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Interviews With The Enemy: A Q&A With B5Q

Drew Hamm of Bucky's Fifth Quarter discusses the Purdue-Wisconsin matchup.


I have a pending Nebraska Q&A coming, but our friends at Bucky's Fifth Quarter were kind enough to continue our opponent blogger interview series here in the summer. As usual, the Badgers have a lot of confidence coming into the Purdue game, so here is what Drew Hamm had to say about this year's game:

T-Mill: Will you please stopping running us into the ground so much? I am getting tired of watching three different Wisconsin backs have 100 yard games against us. At least you do the same to Indiana.

Drew: Unfortunately part of freshman orientation at Wisconsin is taking a pledge to run any football team from the state of Indiana into the ground. It's why Notre Dame, Indiana State, and Valpo won't play us. I doubt the Badgers will have three 100 yard rushers this season, but I wouldn't put it past Melvin Gordon to threaten 200 by himself. And as always: go screw, Indiana.

T-Mill: In that same vein, it seems like no matchup has been so physically lopsided as Wisconsin over Purdue in the last decade. I assume we're expecting more of the same this year.

Drew: Last year the Badgers averaged 8.1 yards per rush, compared to Purdue's 2.1 yards per rush. While math dictates that it can't get much more lopsided than that, I expect things to be a little different this season. I know Purdue's offense was putrid last season, and the o-line was somehow worse, but I like the experience that Purdue brings back (and I like that some of the players that graduated). I think an o-line with a few experienced players (like Rob Kugler and massive Jordan Roos), a sprinkling of JUCO transfers, and a quick "gel time" could make things a lot easier for the Boilers on offense. I don't think Purdue will turn into 2010 Wisconsin and be four yards away from having three 1,000 yard rushers on the team, but I also don't think they'll average a hair over two yards per carry against the Badgers, or any team.

T-Mill: Is there some concern for the defense with so many new starters, especially up front?

Drew: Our top four linebackers are gone, most notably all-everything ILB Chris Borland, and four of our top six defensive lineman have moved on as well. Say what you will about Wisconsin's secondary (and believe me, I have) but they are the most experienced unit on defense in terms of percentage of team's tackles returning. While that's a bit of a misleading statistic since our scheme doesn't require our d-line to make a whole bunch of tackles and having your secondary making so many tackles is usually a bad thing, you get what I mean in terms of experience. There are players with loads of potential on Wisconsin's front seven, senior nose guard Warren Herring has been buried on the depth chart, but was able to record six TFL and four sacks last season in limited action; Jake Keefer and Chikwe Obasih were both rated as four-star defensive ends out of high school; and linebacker Vince Biegel has had Badger fans salivating since he signed his national letter of intent two years ago. While potential is nice and fun to talk about, replacing so much production is going to be a tall task. Hopefully, by the time November 8th rolls around, the Badgers will have figured out where their defensive production is going to come from. If not, it will already have been a long season.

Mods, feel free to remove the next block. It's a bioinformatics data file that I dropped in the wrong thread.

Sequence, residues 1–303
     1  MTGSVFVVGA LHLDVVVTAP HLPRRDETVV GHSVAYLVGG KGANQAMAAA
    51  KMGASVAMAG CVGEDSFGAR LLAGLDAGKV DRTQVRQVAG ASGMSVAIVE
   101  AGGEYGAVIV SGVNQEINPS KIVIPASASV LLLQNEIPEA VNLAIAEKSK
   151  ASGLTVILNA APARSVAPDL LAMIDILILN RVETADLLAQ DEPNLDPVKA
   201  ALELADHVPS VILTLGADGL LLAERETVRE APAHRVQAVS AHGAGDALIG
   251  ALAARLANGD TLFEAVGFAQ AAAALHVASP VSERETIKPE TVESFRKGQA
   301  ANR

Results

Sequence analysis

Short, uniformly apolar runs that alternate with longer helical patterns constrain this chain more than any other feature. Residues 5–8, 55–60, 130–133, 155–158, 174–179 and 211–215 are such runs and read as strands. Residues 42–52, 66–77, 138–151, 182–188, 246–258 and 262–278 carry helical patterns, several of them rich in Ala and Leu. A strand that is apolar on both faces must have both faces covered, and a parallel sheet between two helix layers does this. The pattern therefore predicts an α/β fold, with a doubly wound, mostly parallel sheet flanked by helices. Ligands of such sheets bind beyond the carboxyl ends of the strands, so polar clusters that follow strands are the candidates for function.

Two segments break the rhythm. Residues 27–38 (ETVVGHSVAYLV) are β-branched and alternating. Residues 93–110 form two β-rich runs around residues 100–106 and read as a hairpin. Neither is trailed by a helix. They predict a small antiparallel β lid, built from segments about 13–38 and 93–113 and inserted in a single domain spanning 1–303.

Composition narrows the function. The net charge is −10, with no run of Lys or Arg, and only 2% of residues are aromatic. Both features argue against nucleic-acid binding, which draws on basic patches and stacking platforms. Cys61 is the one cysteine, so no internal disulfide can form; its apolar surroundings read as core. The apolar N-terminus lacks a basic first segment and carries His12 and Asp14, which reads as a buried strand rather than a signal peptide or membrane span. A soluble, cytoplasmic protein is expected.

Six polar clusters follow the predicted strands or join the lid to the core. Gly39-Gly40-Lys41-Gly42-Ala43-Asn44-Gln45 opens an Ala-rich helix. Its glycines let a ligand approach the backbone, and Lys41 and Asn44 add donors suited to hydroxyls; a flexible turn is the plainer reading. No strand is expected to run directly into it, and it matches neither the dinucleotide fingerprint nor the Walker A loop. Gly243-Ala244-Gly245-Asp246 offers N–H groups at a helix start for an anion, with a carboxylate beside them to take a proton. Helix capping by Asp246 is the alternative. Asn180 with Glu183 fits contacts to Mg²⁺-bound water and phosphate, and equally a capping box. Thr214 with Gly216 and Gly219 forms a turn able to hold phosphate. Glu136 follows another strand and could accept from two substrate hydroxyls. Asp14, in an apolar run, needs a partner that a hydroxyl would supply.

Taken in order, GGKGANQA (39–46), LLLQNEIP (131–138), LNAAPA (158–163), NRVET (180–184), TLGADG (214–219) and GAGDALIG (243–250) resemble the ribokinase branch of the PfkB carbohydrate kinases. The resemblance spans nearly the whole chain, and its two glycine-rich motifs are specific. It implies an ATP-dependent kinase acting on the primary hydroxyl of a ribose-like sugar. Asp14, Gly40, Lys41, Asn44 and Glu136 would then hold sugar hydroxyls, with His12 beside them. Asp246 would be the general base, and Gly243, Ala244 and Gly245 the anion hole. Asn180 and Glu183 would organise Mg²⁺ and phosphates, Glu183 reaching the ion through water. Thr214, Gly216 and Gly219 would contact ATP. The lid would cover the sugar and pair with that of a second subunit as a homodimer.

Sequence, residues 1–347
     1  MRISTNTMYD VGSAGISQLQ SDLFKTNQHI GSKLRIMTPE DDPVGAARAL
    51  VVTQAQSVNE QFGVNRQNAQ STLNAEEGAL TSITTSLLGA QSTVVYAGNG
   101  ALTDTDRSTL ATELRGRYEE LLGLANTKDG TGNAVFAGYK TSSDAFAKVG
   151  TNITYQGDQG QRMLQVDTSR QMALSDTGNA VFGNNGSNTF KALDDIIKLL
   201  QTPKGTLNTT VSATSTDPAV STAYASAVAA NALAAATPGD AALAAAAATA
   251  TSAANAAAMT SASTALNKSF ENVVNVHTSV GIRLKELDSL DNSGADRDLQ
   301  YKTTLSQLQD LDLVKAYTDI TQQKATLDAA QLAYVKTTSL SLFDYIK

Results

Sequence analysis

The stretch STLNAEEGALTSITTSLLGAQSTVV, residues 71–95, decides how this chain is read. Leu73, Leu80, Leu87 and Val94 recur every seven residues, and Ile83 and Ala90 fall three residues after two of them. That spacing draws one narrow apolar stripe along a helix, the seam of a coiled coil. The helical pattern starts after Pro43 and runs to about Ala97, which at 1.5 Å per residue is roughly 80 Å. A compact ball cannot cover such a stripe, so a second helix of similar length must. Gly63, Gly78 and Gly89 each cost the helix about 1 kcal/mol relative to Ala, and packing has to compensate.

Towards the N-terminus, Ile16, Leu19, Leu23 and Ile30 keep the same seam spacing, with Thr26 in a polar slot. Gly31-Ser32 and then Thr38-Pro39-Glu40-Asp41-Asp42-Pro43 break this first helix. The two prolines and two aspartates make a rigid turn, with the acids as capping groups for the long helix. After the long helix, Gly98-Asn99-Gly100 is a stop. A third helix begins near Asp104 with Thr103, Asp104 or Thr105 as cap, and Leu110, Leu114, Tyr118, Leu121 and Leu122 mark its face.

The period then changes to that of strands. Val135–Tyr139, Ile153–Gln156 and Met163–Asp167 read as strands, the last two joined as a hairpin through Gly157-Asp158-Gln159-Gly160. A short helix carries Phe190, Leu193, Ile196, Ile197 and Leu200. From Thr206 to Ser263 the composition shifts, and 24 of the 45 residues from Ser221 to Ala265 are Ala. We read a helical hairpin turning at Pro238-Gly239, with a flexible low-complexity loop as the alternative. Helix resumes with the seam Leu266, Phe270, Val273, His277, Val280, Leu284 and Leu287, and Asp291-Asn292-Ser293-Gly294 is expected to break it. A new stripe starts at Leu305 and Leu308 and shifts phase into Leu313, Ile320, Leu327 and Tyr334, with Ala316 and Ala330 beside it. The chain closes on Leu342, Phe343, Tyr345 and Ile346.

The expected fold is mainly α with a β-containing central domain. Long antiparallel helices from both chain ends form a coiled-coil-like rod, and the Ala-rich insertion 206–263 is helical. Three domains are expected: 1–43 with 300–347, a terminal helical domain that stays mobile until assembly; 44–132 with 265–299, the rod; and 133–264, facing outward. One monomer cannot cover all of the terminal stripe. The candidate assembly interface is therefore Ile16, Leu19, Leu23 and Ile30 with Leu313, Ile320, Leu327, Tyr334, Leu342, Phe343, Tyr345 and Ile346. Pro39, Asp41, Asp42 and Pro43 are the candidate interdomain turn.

T-Mill: Do you feel Wisconsin is the favorite in West? Is it a two-team race with Wisconsin and Nebraska?

Drew: I have Wisconsin penciled in as the cautionary favorite to win the West. The schedule lines up favorably for the Badgers to win the division, with the toughest game probably being at Iowa on November 22nd. I definitely see Nebraska being right there at the top, and depending on how things go, Iowa could be playing the Badgers for a trip to the conference title game. To say the West is "down" this year would be a pretty accurate statement. That's good for a reloading Wisconsin team and also good for a dark horse that catches lightning in a bottle (like Minnesota last year, or Purdue this year? *nudges Hammer and Rail's comment section*).

T-Mill: What would it take (aside from a small miracle) for Purdue to pull the upset? Is it as simple as finally being able to stop the run?

Drew: As it has been for most of my cognizant life, if you stop the run you'll have a chance to beat Wisconsin (except for that one glorious year of Russellmania). This year is no exception. The Badgers don't have anybody of note that can catch a football. Two promising freshmen just left the team for various personal/academic reasons and Jared Abbrederis ain't walking through that door. If Purdue can keep Gordon and Corey Clement in check and force Joel Stave/Tanner McEvoy (something we didn't really touch on, the Wisconsin quarterback situation isn't exactly, uh, settled yet) to beat them, I can see the game being close. If Purdue can pull an upset at Nebraska the week before and come in with some momentum...who knows?